I think back to my early 30’s when the .com bubble was expanding. Business was good in the financial trades, with stocks rising 20% every year and customers literally standing in line to invest. Retirement seemed a certainty by the time I was 40. Along the way, a new baby, a move to California, a “once in a generation” bear market, another baby, a move back to Texas, another “once in a generation” bear market, and a foolish notion to start a new business now have me approaching 50 and planning to work for the foreseeable future.
While some may argue differently about the bear markets, most would probably agree that none of those life events were catastrophic. But what if something had happened that truly altered my plans, or those of my family?
Probably the most obvious catastrophe that most people think of is an untimely demise. The odds of that happening are pretty low when you are in your 30’s. For example, according to the Social Security Administration's cohort life tables, a 30-year-old male has a 98.5% chance of living to age 40, 95.5% chance of making it to 50, and a 90.5% probability of reaching his 60th birthday. Ladies have even higher odds of reaching the golden years, with nearly a 94% chance. With odds that high, it isn’t surprising that term life insurance is relatively affordable.
Insurance works best when it is used to protect against low probability but high impact events, such as premature death. Nevertheless, paying an insurance company for 20-30 years of protection that is very unlikely to be used isn’t high on the list of expenses most folks look forward to paying. But the thought that our families would have to move because they can’t afford the mortgage or that the kids would be forced into debt to pay for college are enough to motivate me to write that check each year.
But there are other risks that are more likely to impact you than an early death. According to the SSA’s Disability and Death Probabilities, a male born in 1996 has about a 20% chance of becoming disabled before retirement age. Unlike death, with a disability you not only lose your earning potential but continue to need to support your family AND yourself.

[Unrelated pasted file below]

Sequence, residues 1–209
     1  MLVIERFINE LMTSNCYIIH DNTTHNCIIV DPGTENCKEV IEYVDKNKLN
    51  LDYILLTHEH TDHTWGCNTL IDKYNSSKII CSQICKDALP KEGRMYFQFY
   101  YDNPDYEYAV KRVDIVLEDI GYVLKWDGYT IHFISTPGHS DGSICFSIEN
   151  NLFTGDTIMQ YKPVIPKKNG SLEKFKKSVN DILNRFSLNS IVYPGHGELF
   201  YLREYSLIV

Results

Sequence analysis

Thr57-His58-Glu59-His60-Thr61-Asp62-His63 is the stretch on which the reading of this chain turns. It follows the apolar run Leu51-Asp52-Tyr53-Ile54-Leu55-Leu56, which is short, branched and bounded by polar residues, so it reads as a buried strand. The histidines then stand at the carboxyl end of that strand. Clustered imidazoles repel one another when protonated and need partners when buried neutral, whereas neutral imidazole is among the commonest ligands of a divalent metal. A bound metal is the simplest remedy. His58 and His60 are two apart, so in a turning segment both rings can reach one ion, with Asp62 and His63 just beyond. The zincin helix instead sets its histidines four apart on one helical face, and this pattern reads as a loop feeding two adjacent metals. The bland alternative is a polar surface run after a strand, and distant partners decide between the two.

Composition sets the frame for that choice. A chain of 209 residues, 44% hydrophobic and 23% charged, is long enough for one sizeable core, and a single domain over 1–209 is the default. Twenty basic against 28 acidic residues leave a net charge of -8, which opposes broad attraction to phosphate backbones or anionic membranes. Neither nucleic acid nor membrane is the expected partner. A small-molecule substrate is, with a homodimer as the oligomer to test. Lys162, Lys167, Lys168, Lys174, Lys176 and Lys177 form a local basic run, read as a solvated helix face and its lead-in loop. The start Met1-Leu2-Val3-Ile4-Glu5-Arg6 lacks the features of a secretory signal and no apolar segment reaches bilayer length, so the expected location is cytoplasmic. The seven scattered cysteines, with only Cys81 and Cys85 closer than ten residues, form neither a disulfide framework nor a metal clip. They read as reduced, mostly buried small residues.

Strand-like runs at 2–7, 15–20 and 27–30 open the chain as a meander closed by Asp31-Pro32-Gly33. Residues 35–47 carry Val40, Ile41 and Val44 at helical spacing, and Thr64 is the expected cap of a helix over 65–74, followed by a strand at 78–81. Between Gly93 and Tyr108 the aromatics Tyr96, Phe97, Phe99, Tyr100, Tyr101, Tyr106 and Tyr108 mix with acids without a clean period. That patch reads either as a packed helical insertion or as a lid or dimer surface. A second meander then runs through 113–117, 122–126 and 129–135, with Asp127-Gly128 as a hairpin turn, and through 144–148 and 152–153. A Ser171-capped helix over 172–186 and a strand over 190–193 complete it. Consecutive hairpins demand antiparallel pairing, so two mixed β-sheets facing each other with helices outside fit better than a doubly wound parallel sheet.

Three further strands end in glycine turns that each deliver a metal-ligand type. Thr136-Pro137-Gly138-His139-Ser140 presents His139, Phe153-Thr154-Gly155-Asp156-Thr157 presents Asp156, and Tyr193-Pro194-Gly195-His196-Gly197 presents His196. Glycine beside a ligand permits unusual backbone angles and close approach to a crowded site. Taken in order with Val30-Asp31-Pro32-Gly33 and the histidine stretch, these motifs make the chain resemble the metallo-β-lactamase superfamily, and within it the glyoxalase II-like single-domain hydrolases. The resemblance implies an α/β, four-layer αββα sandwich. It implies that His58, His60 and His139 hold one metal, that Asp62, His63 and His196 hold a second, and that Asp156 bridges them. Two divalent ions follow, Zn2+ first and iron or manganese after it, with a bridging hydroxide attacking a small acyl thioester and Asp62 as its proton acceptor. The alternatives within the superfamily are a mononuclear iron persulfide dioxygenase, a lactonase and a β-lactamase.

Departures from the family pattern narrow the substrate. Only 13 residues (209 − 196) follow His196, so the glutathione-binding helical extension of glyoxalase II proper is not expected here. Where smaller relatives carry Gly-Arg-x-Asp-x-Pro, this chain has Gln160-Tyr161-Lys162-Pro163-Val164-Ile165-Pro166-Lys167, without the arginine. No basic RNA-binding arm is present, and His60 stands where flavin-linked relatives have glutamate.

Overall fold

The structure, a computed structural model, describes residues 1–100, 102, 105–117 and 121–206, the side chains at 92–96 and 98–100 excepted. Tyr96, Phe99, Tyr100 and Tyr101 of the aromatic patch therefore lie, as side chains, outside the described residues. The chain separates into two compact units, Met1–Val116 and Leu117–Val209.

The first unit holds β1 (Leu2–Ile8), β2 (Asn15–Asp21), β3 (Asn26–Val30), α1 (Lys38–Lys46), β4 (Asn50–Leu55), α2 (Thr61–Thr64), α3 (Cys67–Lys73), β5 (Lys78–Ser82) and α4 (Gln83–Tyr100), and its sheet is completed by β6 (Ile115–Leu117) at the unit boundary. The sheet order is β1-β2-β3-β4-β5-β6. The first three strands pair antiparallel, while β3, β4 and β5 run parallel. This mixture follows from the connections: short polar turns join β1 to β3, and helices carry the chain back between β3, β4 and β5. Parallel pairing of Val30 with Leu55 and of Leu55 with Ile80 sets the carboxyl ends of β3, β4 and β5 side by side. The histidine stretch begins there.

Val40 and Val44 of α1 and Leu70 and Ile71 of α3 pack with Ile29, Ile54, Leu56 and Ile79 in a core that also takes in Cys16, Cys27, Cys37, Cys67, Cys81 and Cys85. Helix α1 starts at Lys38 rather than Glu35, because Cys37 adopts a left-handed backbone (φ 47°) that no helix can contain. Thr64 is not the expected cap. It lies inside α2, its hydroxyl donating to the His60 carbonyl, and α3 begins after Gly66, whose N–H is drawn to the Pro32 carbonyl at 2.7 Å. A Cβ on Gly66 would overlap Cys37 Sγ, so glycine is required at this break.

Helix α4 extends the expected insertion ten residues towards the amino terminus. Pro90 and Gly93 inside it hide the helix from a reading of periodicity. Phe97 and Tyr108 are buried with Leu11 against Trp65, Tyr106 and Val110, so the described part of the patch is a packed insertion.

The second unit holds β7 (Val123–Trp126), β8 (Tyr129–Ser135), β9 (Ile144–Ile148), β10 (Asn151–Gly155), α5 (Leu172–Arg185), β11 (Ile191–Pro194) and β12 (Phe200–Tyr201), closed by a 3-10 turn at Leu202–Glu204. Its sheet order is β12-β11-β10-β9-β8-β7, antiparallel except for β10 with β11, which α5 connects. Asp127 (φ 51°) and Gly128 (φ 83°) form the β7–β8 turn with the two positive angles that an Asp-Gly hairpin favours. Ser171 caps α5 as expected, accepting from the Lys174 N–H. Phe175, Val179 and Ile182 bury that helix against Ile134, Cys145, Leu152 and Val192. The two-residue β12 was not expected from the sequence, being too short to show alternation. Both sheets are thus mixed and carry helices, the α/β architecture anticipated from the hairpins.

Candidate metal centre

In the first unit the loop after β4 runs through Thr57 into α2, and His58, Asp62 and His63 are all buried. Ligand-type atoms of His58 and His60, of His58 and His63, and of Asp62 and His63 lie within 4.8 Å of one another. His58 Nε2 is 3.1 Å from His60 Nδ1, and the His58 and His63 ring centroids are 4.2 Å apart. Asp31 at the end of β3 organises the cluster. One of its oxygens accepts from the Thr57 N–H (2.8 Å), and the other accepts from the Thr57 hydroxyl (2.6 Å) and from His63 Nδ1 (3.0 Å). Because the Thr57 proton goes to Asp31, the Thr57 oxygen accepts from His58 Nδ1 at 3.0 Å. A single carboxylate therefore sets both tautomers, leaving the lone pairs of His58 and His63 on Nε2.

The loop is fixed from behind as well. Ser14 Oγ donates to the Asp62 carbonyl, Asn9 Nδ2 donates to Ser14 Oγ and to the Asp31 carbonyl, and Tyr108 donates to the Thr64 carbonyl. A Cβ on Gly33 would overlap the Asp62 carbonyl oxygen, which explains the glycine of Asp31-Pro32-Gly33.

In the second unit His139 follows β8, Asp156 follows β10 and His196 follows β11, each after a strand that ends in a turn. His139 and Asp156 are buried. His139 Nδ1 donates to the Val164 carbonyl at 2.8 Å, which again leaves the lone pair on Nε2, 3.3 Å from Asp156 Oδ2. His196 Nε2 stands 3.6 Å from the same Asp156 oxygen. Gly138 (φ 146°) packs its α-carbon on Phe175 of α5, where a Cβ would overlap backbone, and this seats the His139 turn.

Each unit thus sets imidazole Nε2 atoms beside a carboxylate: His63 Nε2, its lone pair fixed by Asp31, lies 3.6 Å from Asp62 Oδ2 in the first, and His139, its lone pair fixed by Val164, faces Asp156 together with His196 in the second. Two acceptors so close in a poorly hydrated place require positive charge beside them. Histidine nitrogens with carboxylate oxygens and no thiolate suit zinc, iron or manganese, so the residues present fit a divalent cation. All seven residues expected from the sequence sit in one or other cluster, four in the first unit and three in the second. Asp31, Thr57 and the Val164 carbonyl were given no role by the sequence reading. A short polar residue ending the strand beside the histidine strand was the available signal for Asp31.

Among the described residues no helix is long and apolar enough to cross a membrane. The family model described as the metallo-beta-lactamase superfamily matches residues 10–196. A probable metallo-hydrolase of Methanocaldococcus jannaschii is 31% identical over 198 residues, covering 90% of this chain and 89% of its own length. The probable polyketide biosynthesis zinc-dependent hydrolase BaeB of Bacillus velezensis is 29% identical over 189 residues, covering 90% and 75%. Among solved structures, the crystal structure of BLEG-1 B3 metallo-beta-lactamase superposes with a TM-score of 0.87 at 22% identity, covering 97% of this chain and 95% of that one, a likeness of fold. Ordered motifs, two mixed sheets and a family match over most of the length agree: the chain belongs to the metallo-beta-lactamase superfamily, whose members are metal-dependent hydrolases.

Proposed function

Both life and disability insurance are important tools for protecting yourself from a knockdown blow, but they will cost you. How much you should buy can vary based on your personal goals, attitude towards risk, and family situation. An independent financial advisor may be your best resource for helping you answer the question of how much and then find solutions that suit you.
In addition, other steps to protect you and your family from a potential KO are:
Establish liquidity. An emergency fund with several months’ worth of expenses set aside is the easiest solution, but establishing credit before it is needed can also be effective. A line of credit or a credit card may be difficult to obtain or more expensive to use if you wait until the primary breadwinner has stopped winning bread.
Review the beneficiaries on your accounts and insurance policies. These designations work very efficiently to transfer assets after death without going through probate. However, failing to name them, or having the wrong ones (i.e. ex-spouses, minor children) can complicate or ruin your plans.
Write a will. Clearly state who should inherit your property and take care of your minor children, pets, etc. Appoint an executor that is willing and able to execute the will when the time comes.
Consider trusts. There is a myriad of trust types that accomplish different objectives. They can help avoid probate, protect assets from creditors, and insure they ultimately pass to the heirs or causes of your choosing.
Set up health care directives. Living wills, medical power of attorney, and HIPPA authorizations spell out your desires, who can make decisions, and who can even talk to doctors about your condition. These tools can insure that your wishes are followed in the event you aren’t able to communicate and help avoid emotional conflicts between well-meaning family members.
Establish durable power of attorney. In case you are unable to make financial decisions, having a trusted person (spouse, child, etc.) appointed as your attorney-in-fact that can handle your affairs can make life much easier on your family.
Title your assets correctly. All the steps previously mentioned can be voided or made more complicated by not titling assets correctly. On a financial statement, it is helpful to list the registration of all your assets so that your financial planner or attorney can help identify potential disconnects with your plans.
Finally, it’s also a good idea to put a recent copy of your financial statements, wills, trusts, insurance policies, deeds, and other important documents in a place where they can easily be accessed by your attorney-in-fact or executor.
Don’t know where to start? Get in touch to discuss your plans.